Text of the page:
Cameras as a social justice issue
As virtual teaching has become the norm in recent years, a debate has arisen among educators as to whether or not students need to turn on their cameras during class. Today, cameras are optional in Dancey’s English program, in part because students can communicate with teachers in virtual environments using their microphones or via chat.
But to capture students’ facial expressions, Intel’s technology would need to have those cameras turned on.
“The thing about turning on cameras almost became a social justice issue,” Dancey said. Not only are some students concerned about others being able to see where or how they live, but activating the cameras also consumes power, which can be an issue for students who use a mobile hotspot to connect to class, she said.
“It’s kind of an invasion of privacy, and there are accessibility issues because the camera that’s on uses a huge amount of bandwidth. It could literally cost them money,” Dancey said.
We don’t want this technology to be a surveillance system.
“Students shouldn’t have to control how they look in the classroom,” said Nandita Sampath, a policy analyst at Consumer Reports who focuses on algorithmic bias and accountability issues, who said she wondered if students had the ability to get inaccurate results contesting if they come from Intel system leads to negative consequences. “What cognitive and emotional states do these companies say they can assess or predict, and what is accountability for that?” she said.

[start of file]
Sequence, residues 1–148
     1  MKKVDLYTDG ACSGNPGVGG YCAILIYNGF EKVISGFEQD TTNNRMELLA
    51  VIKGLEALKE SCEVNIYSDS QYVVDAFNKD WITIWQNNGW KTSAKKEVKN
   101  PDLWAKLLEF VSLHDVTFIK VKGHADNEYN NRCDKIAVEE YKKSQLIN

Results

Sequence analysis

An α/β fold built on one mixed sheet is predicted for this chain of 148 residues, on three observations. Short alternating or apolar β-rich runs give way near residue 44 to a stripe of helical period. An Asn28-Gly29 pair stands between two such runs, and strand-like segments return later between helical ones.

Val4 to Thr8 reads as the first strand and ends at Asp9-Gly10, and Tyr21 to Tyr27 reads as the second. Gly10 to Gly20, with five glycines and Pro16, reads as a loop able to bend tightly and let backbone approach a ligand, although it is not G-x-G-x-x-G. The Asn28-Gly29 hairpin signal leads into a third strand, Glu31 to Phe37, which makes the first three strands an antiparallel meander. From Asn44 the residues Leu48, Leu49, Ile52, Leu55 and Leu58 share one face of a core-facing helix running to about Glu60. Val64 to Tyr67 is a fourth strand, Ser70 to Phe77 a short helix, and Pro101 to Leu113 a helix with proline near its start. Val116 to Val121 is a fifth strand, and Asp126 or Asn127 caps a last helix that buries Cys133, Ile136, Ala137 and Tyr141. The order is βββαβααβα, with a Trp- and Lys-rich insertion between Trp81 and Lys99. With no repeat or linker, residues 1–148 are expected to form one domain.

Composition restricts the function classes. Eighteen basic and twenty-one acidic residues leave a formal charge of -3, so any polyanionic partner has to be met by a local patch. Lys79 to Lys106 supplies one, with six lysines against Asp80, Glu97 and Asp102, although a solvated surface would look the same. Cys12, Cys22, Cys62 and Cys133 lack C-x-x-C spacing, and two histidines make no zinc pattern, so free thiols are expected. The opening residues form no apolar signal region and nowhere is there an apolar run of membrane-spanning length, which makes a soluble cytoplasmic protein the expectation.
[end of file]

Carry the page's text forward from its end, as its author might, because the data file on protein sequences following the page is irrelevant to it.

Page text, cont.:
Aslan said the goal of Intel’s technology isn’t to monitor or punish students, but to coach teachers and provide additional information so they can better understand when students need help. “We didn’t start this technology as a surveillance system. In fact, we don’t want this technology to be a surveillance system,” Aslan said.
Sampath said Intel’s technology can be used to judge or punish students even when that’s not the intention. “Maybe they don’t intend for that to be the final decision maker, but that doesn’t mean the teacher or administrator can’t use it that way,” she said.
Dancey said teachers were also concerned that surveillance would be used against them. “Often surveillance is used very unfairly against instructors,” she said. “I don’t think it would be paranoid to say, especially when it comes to measuring ‘student engagement’ – TM, in quotes – that if I apply for a promotion or employment, that will be part of my evaluation ? Could they say, ‘So-and-so had a low comprehension quotient?’”